Spectacular vs. Spooktacular

“Spectacular” is a very positive (good) word in English. It is related to the word “spectacle” which usually means something impressive or good to see.

Here are some synonyms for “spectacular” in everyday usage:
Super
Awesome
Terrific
Great
Superb
Excellent
Fantastic
Wonderful
Marvelous

Now… about “Spooktacular.”

“Spooky” in English means scary, eerie, weird, frightening. We use this word a lot in association with the holiday of Halloween.

For example: A spooky ghost; a spooky costume; a spooky house; a spooky decoration.

English speakers love to do “word play.” That means making one word sound like another word. Or, combining two words into one. (Like, “chillax” which is “chill” and “relax.”)

So, something really great or awesome that is on or around Halloween is “spooktacular.”

We hope you have a very spooktacular Halloween next week!

It will be very common to see Halloween events using this name. We found these and many more on the internet easily.

You Moved to America – Now How do You Meet Americans?

Moving to a foreign country to improve your language skills is an incredible opportunity. Whether you only have a short time in a foreign country, plan to stay for a year or more, or will be able to come back many times in the future, making connections in another country is a rewarding experience. A native speaker of a language may be your gateway into a new culture, meeting other native speakers, and getting to practice the language you are studying in a classroom.

In a way, the classroom is like a gym or sports training program where you exercise and practice what it will be like in a real game. But playing the real game on a real field is where the excitement truly is.

Similarly, if you study English for hours every week, but rarely use it out in the “real world,” you are missing critical time to practice, improve, and – most importantly – GROW.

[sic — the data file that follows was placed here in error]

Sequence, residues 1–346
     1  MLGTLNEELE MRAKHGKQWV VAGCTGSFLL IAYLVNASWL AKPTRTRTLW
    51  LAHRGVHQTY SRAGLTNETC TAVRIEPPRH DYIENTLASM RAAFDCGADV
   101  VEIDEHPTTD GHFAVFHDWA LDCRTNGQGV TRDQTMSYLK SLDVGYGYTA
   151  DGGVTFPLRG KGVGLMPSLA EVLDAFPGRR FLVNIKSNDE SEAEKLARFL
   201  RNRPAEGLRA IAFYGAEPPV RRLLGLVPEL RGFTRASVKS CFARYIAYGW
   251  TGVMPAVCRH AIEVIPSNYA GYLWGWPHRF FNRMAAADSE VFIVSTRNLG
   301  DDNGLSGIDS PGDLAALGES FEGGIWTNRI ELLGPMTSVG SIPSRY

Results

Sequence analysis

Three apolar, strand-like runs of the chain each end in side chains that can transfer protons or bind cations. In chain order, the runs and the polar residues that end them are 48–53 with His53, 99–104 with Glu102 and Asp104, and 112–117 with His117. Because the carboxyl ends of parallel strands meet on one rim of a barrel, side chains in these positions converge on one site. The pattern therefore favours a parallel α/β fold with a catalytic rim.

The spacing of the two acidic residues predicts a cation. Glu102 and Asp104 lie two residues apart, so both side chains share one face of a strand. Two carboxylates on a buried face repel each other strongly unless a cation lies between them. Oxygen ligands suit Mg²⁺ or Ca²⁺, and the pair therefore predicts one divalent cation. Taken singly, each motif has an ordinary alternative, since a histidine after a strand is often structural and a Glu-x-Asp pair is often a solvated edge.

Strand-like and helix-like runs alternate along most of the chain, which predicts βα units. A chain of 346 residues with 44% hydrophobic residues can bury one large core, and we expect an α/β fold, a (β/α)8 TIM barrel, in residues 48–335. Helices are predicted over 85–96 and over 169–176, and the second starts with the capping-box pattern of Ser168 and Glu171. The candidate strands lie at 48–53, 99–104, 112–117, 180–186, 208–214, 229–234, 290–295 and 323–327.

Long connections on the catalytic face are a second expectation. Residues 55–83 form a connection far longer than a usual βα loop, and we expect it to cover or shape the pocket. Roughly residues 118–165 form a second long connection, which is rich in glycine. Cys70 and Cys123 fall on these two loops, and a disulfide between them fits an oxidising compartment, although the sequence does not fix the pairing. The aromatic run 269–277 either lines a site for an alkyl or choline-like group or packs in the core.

There are many types of people and personalities, not to mention cultural and other influences which may predict how much someone is willing to go and talk to strangers. If you are very shy in your own language, speaking a foreign language can be intimidating.

On the other hand, we would not be giving you good advice if we said it was enough just to attend classes or practice on your own.

The following are five ways to start to meet and talk to Americans. America is a very diverse country with many types of people. Sometimes it may seem easy to have simple, quick, polite conversation with Americans but more difficult to become real friends. What are some ways to make a deeper connection?

Try to be realistic. Making great new friends quickly is hard. If you find a way to keep seeing the same person or people many times, we believe this is a key way to developing a deeper friendship.

You may have to push yourself a little bit, but all of these are ways to meeting new people and friends that you can spend time with again and again. When you know each other a little better, don’t be shy! Tell them you are new to the country and really want to spend more time with Americans. Whatever you heard about Americans in the news or thought from TV, etc., the fact is we are all just people, and we all enjoy making new friends.

1.) Volunteering: This allows you to practice your English, learn about the city and do meaningful work. There are many different types of volunteer jobs, so in order to find the best fit for you, try a volunteer site like www.volunteermatch.org. Try to pick a volunteering position which will let you speak English or meet other volunteers.